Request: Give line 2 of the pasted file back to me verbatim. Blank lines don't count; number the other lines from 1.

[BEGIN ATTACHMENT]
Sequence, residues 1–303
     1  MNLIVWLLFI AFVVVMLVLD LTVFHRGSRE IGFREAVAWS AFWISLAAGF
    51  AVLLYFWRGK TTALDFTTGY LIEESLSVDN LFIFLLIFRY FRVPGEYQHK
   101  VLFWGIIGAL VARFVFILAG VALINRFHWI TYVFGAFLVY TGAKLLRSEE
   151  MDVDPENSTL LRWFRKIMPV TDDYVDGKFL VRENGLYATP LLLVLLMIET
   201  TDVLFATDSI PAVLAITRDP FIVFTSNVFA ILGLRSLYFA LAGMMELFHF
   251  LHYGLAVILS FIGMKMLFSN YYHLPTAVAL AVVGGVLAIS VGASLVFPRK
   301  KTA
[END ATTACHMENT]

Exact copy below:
     1  MNLIVWLLFI AFVVVMLVLD LTVFHRGSRE IGFREAVAWS AFWISLAAGF